A new Andy Warhol exhibition, Contact Warhol: Photography Without End, opened in late September and is showing through January 6, 2019 at the Cantor Arts Center at Stanford University. The exhibit, on display in the Pigott Family Gallery, is drawn from an intriguing collection of 3,600 contact sheets and photo negatives that encompass the full range of Warhol’s black-and-white work from 1976 until his death in 1987.
As per the Wall Street Journal, “Warhol himself said the contact sheets were a visual diary so he would know where he had been at every moment,” says Peggy Phelan, the Denning Family Chair and director of the Stanford Arts Institute and one of the show’s curators, along with Richard Meyer, the Robert and Ruth Halperin Professor in Art History at Stanford University. Though the contact sheets date from 1976 to 1987, they’re striking for how much they resemble iPhone libraries of today, featuring rows of nearly identical shots of a platter of apples, a car parked on the street or an after-dinner table topped with empty glasses and coffee cups.” (WSJ Magazine, Sept. 27, 2018)
The exhibition also captures Warhol’s interactions with the social and celebrity elite of his time with portraits of stars including Michael Jackson, Liza Minnelli, Dolly Parton, and political stars, such as Nancy Reagan, Maria Shriver, and Arnold Schwarzenegger. Contact Warhol, tracks the artist’s photos from their start on a contact sheet into his more developed silkscreen paintings.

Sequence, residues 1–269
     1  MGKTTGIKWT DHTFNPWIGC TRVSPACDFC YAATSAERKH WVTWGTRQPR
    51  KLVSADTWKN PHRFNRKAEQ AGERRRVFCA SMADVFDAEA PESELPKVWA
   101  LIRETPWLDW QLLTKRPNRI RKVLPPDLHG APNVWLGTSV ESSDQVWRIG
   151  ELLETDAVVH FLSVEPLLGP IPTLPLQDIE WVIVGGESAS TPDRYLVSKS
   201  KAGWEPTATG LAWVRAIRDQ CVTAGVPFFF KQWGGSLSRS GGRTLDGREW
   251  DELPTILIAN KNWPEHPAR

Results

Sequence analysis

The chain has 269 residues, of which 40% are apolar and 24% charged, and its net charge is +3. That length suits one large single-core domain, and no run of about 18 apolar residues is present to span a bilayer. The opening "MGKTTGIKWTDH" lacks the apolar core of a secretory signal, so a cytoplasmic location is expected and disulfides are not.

BarkerBlue Create produced and installed the main entry wall graphics for the Contact Warhol exhibition. In addition to the supersized wall graphics, we fabricated a customized aluminum floating frame that bends to the curve of the entry wall, avoiding the need to attach to or damage the stucco wall. Learn more about BarkerBlue’s creative solutions for museum displays and view our full portfolio of customized display graphics at https://barkerbluecreate.com
Note from Cantor Arts Center: Please be advised that the Contact Warhol exhibition includes some images that may not be appropriate for young viewers.